Think of yourself as the PROCESS block, (your mind being the CPU, and a small piece of CPU OUTPUT scratch paper as the memory). Suppose the BUS 1 BUS 2 instructions above are written on a piece of paper titled GENERAL APTITUDE TEST. As long as you do not have this piece of paper Figure 2: Better picture of a computer you cannot do anything. Suppose the GENERAL APTITUDE TEST is now given to So, now we have a way for the PROCESS block you. So now you can see the instructions (i.e. to access the INPUTs and to write to the the BUS 1 is established). What will you do? OUTPUTs. Now, for a moment, think about Example 1 again. It is repeated below: Obviously, you will start reading into your mind Input 1. If your mind is distracted by Computer = You something else, you will not be able to read it Input 1: Look up your math book to find an into your mind. What does reading into your integer. (This is an instruction). mind mean? It means converting the piece of Input 2: An integer P. (this is the actual text into known sequence of actions.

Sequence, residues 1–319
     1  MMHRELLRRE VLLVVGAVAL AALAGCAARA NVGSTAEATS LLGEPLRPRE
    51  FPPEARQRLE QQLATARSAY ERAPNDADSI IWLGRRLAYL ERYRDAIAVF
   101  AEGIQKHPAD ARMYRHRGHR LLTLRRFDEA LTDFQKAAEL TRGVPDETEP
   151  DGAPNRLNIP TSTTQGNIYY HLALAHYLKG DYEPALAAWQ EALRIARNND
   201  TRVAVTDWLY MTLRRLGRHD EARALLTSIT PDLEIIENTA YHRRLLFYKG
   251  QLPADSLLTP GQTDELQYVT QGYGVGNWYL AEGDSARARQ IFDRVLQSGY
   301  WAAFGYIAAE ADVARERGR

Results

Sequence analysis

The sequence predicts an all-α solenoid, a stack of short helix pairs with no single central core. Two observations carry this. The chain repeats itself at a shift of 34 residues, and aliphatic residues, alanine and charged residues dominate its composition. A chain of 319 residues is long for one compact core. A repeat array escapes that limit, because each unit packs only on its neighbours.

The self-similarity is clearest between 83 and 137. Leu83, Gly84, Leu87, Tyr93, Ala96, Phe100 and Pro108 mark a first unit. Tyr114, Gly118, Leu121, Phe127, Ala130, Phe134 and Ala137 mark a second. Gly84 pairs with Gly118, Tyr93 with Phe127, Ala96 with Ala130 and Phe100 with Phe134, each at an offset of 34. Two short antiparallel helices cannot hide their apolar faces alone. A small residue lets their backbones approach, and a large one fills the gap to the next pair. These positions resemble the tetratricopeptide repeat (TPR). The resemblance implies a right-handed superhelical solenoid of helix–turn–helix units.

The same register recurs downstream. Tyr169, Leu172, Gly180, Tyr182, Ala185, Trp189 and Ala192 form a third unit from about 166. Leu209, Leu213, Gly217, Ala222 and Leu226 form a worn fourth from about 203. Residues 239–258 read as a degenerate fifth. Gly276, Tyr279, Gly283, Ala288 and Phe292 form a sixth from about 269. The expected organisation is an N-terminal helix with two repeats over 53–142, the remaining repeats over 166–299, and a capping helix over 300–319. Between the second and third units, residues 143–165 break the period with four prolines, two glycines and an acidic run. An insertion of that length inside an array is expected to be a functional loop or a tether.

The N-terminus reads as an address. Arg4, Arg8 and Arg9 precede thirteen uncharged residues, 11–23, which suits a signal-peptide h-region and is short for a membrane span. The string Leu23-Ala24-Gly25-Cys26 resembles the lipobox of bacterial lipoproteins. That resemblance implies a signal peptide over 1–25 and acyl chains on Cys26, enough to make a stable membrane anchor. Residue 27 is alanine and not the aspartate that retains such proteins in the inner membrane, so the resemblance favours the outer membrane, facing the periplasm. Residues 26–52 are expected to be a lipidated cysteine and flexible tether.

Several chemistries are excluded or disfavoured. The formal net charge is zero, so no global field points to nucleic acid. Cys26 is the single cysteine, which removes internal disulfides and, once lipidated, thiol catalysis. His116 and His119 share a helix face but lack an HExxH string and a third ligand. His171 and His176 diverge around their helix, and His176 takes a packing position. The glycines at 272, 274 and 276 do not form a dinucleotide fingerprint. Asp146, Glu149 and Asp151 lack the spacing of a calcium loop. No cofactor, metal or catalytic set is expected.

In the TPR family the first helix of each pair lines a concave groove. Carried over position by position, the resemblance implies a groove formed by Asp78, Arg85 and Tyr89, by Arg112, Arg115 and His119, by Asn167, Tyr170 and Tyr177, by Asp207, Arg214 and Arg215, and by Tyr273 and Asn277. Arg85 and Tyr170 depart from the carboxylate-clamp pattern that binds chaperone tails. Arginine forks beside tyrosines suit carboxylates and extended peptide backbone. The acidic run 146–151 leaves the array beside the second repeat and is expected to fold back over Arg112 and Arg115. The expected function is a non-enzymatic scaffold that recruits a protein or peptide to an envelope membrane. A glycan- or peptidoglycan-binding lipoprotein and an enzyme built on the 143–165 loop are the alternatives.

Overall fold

10 Once you have read it into your mind you will know that you are being asked to: 1. Open your maths book. 2. Look up an integer. 3. Write that integer in the scratch paper (so that you remember it). Thus, understanding the instruction, and actually following it are two different things. The first step of reading into your mind or understanding involves bringing the instruction from the GENERAL APTITUDE TEST into your mind (you do this by merely seeing it, a computer is stupid, it needs electronic circuits at every stage). Now, remember, your mind is the CPU. So, the first step is to read in the instruction into the CPU. This is called a Fetch, i.e. to bring an input into the CPU to decipher its meaning (or decode it). Once a Fetch is done, the instructions is deciphered or decoded (with the help of electronic circuits again). Now it is time to do the job (i.e. open the maths book, look up the integer). This part is called the Execute. Thus, following instruction 1 involves Fetching it, Understanding it or Decodeing it, and finally, Executing it. Once these are done, we can move to Input 2. This is how all operations on a computer is done, by following a Fetch-Decode-Execute cycle. In short, it is written as the FetchExecution cycle, with the decoding being implicitly implied. Think about Input 7. This instruction contains some information or data (the number 5). Thus, data can also be fetched (but data cannot be executed). Things to remember: